Kuemper had to be good in the third, and did enough to hold Tampa Bay off, allowing Colorado to come through in overtime. The veteran finished with 20 saves and an .870 save percentage. It’s not a stellar stat line, but the way Kuemper stood tall in the third was enough to give Colorado confidence he’ll carry them through. And knowing Francouz is right behind him and ready to take over should be motivation for Kuemper to step up further in Game 2 (and beyond) when the series inevitably gets tighter and more heated. — Shilton
Andre Burakovsky reacts to scoring the game-winning goal in overtime to give the Avalanche the Game 1 victory in the Stanley Cup Final.
Lightning center Brayden Point knew what he was getting into. He acknowledged before Game 1, his first action since suffering a lower-body injury in Game 7 against the Maple Leafs on May 14, that adapting to the speed and flow of the Stanley Cup playoffs again might take some time.
Point ended up playing 17:59 in Game 1, skating with forwards Nick Paul and Ross Colton. He picked up a secondary assist on Paul’s first period goal, giving him five points in eight postseason games. He saw first-unit power play time.
There were moments when he looked like himself, like when he nearly stickhandled through three Avalanche defenders on a zone entry. There were moments when he seemed a step behind, and he didn’t register a shot attempt in the game. The postgame press conference were a reminder that Point is still working his way back: a scheduled media appearance was scrapped as he received treatment.
That said, the Lightning were both impressed and inspired by his performance.
“He’s a warrior. He’s going to gut it out. It’s just great for him to get back and great for our team to see him back out there. I thought he played fine,” captain Steven Stamkos said.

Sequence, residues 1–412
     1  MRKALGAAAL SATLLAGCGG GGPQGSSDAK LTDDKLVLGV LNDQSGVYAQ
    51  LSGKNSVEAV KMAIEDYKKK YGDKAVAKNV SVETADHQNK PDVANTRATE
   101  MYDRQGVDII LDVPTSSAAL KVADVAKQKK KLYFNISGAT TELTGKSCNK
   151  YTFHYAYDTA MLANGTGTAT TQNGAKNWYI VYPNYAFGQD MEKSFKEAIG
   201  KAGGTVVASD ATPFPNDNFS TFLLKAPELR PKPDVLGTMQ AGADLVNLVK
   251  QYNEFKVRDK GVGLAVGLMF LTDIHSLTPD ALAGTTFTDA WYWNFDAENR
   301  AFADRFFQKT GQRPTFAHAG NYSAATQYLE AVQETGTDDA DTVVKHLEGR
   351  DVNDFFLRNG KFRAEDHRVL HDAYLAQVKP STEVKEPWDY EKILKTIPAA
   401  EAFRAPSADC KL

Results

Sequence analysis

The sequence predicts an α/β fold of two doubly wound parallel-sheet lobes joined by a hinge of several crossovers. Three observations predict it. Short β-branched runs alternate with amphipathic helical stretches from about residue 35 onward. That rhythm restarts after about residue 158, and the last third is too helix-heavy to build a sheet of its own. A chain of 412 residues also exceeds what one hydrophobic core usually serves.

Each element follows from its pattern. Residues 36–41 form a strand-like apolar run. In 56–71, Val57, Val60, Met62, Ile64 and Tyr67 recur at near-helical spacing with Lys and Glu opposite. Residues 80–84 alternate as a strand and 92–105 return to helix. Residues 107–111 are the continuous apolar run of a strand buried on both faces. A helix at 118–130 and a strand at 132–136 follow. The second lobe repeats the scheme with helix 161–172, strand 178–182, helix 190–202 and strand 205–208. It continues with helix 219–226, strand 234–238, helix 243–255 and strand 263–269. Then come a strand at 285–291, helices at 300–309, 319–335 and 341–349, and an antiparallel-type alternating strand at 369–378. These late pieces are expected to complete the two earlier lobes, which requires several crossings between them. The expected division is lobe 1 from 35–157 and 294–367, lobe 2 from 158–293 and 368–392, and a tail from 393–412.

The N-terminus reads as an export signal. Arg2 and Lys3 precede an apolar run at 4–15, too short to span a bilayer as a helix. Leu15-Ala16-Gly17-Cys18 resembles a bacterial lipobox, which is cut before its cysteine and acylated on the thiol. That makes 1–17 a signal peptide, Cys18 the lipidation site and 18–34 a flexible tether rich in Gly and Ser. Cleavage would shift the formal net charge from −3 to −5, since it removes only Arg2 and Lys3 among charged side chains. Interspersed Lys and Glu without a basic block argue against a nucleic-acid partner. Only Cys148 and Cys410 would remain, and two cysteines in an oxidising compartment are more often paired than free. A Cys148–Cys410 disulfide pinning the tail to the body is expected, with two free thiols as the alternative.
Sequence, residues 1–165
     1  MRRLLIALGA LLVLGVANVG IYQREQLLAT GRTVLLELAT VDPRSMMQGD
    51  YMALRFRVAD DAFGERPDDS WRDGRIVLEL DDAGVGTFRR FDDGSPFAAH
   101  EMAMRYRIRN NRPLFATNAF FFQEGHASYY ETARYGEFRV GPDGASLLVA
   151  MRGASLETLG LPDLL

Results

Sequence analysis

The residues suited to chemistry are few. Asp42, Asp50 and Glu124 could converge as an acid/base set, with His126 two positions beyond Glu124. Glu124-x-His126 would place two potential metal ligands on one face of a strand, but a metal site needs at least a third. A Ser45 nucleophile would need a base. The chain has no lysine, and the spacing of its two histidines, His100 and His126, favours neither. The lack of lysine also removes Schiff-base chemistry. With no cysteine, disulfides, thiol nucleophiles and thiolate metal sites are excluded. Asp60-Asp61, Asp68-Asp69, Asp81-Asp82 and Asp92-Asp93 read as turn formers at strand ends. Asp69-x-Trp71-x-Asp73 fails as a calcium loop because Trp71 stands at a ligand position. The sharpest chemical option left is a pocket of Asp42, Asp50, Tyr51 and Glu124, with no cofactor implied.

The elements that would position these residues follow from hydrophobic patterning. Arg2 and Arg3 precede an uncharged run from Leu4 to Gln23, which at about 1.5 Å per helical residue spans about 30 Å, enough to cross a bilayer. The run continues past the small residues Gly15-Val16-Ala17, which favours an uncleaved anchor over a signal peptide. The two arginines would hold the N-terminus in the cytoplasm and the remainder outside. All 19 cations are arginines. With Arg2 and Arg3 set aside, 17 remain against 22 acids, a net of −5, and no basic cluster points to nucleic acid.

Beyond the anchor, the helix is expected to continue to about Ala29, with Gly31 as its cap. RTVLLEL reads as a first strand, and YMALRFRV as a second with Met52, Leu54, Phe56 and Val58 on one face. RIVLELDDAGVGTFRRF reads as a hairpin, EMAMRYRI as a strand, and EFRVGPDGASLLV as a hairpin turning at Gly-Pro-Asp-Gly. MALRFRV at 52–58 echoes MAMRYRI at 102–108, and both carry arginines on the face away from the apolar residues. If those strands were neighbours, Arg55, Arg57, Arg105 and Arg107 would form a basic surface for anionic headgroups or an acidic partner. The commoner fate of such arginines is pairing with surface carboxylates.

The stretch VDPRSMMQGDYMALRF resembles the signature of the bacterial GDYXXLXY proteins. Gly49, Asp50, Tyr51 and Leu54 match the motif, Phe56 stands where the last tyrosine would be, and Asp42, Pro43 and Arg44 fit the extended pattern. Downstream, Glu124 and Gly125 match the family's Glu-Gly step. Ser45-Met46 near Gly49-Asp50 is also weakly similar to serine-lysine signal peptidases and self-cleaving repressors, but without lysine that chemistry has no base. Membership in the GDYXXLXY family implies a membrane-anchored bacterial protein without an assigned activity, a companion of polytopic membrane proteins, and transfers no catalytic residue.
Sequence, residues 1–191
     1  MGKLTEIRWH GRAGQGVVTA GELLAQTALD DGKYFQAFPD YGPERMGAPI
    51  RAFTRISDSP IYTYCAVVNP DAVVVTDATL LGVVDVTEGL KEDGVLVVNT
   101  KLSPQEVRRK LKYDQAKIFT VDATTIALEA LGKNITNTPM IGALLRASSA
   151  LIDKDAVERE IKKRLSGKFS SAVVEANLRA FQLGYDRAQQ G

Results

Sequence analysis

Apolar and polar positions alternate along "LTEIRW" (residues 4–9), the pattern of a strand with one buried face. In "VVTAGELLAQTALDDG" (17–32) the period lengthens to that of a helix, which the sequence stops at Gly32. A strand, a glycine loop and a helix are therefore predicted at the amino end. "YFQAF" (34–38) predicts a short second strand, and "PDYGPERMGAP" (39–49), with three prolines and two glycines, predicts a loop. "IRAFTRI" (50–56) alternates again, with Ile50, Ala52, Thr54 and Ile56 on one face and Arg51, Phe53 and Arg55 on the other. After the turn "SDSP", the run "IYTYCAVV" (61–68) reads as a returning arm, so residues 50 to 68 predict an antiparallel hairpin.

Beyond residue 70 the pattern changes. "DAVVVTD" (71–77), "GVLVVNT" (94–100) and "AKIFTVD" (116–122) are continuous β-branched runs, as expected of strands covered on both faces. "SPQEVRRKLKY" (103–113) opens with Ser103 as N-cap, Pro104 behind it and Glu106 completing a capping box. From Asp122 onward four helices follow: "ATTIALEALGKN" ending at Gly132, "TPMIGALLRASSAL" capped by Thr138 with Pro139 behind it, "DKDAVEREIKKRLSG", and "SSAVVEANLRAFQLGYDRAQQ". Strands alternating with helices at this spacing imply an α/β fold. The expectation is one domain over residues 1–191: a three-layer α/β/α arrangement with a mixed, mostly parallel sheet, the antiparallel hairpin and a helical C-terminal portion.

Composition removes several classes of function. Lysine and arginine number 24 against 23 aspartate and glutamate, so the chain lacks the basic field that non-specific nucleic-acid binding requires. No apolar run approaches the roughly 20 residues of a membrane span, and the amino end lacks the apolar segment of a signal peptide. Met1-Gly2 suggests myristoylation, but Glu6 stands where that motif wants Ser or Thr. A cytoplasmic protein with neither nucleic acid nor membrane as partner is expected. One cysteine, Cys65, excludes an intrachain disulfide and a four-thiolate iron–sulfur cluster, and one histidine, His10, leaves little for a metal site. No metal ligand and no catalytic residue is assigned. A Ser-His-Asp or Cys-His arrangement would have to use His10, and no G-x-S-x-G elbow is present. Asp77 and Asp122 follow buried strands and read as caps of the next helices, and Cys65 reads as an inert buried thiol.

“Whenever we get him back in our lineup, it’s huge for our team,” Killorn said. “The way he can skate, it’s similar to their players in the sense that he can take over a game.”
Coach Jon Cooper felt it was an important return for his team, now and for the rest of the series.
“Point helps our team. Was Brayden Point the Brayden Point before his injury? Probably not, but that is his first game in well over a month and we played the fastest team in the league,” Cooper said. “So it’s a tough one to jump into, but I thought he did great.” — Wyshynski
Potent penalty kill
Colorado’s penalty kill was outstanding in Game 1, which is a good thing because the Avalanche would have been in trouble otherwise. It also sets up a compelling storyline for the rest of the Cup Final.
Tampa Bay got one of its most dangerous players back on Wednesday in Brayden Point, and he was right back on the team’s top power play unit. Point alone is enough to give Colorado fits.
But the Avalanche’s penalty kill was up to the task. It was aggressive in challenging the Lightning’s shooters. Players made key shot blocks — including a massive one by Jack Johnson on Tampa Bay’s first power play — and got the necessary clears even as the Lightning battled to keep pucks in the zone.
Colorado allowed only two shots on Tampa Bay’s first two attempts. But the Avalanche’s third kill — with the game tied in the third period — was their biggest. When every decision could lead to a go-ahead goal, the Avalanche made every right choice killing off the minor infraction. There’s a fine line between doing too much and not enough, and Colorado’s kill was the perfect balance.
Game 1 was a perfect example of why special teams matter so much in the first place. Colorado and Tampa Bay couldn’t be more evenly matched. Either side could find an edge on the power play one night, or the penalty kill another. That margin for error is wafer thin all over the ice, and what we’ll see in the games to come is how one facet can ultimately make a significant difference in the outcome. — Shilton